DistributionWidespread throughout the northern hemisphere, the European Starling is native to Eurasia and is found throughout Europe, northern Africa, northern India, Nepal, the Middle East, and north-western China.
Furthermore, it has been introduced to and successfully established itself in New Zealand, Australia, South Africa, North America, Fiji, and several Caribbean islands. As a result, it has also been able to migrate to Thailand, Southeast Asia, and New Guinea. In Australia, Common Starlings are present throughout the southeast, although some isolated populations have been observed in northern and Western Australia. They are prevalent throughout New South Wales, Victoria, Queensland, Tasmania, and scattered sites in the southeastern part of Western Australia.
StatusOverall, the European Starling is listed by the IUCN as being a species of least concern. However, it has been adversely affected in northern Europe by intensive agriculture, and in several countries, it has been red-listed due to declines of more than 50%.
BehaviorIt is a highly gregarious species in autumn and winter. Flock size is highly variable, with huge flocks providing a spectacular sight and sound usually occurring near roosts. These huge flocks often attract birds of prey such as Merlins or Sparrowhawks.
Flocks form a tight sphere-like formation in flight, frequently expanding and contracting and changing shape, seemingly without any sort of leader. Very large roosts, exceptionally up to 1.5 million birds, can form in city centres, woodlands, or reedbeds, causing problems with their droppings. These may accumulate up to 30 cm deep, killing trees by their chemical concentration; in smaller amounts, the droppings are, however, beneficial as a fertiliser, and therefore woodland managers may try to move roosts from one area of a wood to another to spread the benefit and avoid large toxic deposits.
HabitatCommon Starlings prefer urban or suburban areas where artificial structures and trees provide adequate nesting and roosting sites. They also commonly reside in grassy areas where foraging is easyâ€”such as farmland, grazing pastures, playing fields, golf courses, and airfields. They occasionally inhabit open forests and woodlands and more rarely in shrublands such as the Australian heathland. European Starlings rarely inhabit dense, wet forests . Common starlings have also adapted to coastal areas, where they nest and roost on cliffs and forage amongst seaweed. Their ability to adapt to a large variety of habitats has allowed for their dispersal and establishment throughout the worldâ€”resulting in a habitat range from coastal wetlands to alpine forests, from sea level to 1900 metres above sea level.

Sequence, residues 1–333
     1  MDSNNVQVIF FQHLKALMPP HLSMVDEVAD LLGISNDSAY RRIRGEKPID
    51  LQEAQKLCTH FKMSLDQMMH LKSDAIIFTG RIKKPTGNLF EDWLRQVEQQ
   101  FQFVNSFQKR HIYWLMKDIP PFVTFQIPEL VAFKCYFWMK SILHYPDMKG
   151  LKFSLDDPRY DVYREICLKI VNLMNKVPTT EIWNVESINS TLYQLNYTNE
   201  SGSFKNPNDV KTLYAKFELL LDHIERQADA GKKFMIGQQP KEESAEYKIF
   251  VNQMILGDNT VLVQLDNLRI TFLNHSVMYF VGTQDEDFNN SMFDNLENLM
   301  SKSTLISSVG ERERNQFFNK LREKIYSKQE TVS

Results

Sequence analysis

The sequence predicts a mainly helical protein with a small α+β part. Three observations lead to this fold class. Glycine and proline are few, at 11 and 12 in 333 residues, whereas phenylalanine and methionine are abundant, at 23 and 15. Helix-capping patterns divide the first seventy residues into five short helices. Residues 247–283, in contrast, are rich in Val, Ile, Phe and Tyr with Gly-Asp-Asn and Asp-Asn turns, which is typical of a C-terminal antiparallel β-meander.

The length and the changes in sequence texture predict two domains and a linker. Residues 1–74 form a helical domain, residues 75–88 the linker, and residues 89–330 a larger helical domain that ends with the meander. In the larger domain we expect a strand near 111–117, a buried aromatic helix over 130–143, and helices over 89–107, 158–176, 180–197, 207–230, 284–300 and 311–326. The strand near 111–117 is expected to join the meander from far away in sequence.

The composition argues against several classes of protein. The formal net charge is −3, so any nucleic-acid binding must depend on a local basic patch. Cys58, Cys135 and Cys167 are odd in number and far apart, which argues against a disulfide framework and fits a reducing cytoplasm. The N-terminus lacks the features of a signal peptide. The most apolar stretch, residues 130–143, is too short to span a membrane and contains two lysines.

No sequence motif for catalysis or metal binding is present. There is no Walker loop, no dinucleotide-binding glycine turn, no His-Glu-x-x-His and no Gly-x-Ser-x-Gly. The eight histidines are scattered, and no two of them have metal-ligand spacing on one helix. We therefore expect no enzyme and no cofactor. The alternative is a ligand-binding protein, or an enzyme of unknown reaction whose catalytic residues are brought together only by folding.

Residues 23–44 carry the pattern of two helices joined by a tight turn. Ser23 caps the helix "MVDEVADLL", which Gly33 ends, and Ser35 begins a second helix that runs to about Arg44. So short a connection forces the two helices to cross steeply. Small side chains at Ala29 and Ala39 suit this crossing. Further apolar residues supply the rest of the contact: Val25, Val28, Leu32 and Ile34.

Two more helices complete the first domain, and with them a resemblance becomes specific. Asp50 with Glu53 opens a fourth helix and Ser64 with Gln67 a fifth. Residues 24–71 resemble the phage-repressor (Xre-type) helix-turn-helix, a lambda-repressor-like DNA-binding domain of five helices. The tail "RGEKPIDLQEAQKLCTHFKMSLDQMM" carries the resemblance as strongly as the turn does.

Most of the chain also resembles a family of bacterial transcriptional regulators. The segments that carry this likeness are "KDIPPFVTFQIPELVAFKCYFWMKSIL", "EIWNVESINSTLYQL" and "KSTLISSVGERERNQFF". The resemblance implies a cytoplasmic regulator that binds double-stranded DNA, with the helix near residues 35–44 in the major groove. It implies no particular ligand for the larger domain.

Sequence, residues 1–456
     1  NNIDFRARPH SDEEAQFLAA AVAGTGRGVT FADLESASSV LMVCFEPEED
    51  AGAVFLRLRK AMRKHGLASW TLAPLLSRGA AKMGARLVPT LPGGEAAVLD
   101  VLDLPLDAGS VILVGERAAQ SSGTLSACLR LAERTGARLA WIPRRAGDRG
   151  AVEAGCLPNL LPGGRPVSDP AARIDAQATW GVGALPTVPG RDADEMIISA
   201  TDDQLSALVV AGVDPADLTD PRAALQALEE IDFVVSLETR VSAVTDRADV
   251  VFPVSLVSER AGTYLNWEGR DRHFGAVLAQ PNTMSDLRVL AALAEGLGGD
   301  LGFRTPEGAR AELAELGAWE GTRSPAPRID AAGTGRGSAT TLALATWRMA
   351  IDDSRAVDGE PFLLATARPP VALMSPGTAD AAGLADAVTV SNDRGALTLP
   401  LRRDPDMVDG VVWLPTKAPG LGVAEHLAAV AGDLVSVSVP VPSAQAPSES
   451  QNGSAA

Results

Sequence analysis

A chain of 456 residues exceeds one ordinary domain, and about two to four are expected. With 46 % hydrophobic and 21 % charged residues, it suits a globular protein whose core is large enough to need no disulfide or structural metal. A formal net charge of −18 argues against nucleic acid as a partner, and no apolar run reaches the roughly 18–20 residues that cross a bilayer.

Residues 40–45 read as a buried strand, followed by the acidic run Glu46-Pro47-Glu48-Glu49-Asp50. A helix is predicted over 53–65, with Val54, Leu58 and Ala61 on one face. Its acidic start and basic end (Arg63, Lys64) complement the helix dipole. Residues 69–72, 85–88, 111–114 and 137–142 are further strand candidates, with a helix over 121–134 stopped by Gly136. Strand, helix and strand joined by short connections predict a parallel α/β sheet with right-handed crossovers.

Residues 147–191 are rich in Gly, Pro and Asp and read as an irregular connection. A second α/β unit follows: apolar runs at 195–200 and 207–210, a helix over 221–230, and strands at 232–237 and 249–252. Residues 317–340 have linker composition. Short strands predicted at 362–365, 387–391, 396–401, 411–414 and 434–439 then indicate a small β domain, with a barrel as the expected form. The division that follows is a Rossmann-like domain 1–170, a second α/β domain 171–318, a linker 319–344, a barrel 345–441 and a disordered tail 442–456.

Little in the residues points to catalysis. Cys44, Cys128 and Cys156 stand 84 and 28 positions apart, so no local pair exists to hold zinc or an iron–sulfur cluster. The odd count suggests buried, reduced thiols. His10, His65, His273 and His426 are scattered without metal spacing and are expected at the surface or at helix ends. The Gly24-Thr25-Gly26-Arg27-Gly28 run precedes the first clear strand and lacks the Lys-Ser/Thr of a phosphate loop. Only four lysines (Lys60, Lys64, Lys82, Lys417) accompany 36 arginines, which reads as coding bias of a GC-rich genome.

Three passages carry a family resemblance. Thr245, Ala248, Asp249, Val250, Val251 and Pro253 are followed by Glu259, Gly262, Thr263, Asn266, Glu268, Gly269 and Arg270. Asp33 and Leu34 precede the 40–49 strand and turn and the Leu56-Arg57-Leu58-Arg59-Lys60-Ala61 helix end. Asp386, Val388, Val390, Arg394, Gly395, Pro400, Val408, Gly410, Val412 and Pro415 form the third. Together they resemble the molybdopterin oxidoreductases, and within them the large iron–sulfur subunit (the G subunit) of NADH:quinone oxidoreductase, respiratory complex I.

FoodThe European Starling is insectivorous, and typically consumes insects including caterpillars, moths, and cicadas, as well as spiders. While the consumption of invertebrates is necessary for successful breeding, starlings are omnivorous and can also eat grains, seeds, fruits, nectars, and garbage, if the opportunity arises. There are several methods by which they forage for their food; but for the most part, they forage from or near the ground, taking insects from or beneath the surface of the soil.
PredatorsStarlings are hunted by birds of prey, including the Peregrine Falcon and Brown Falcon. However, in the 1970s the consumption of chemically treated crops by the starlings which were subsequently eaten by Peregrine Falcons caused a dangerous build-up of the toxin in the falcon. As a result, lower reproductive success was observed as a result of thinner eggshells and a build-up of organochlorine residues in eggs.
European Starling nests are especially vulnerable to predators such as stoats, foxes, and humans. Common Mynas are also a threat, as they often evict eggs, nestlings, and adult starlings from their nests.
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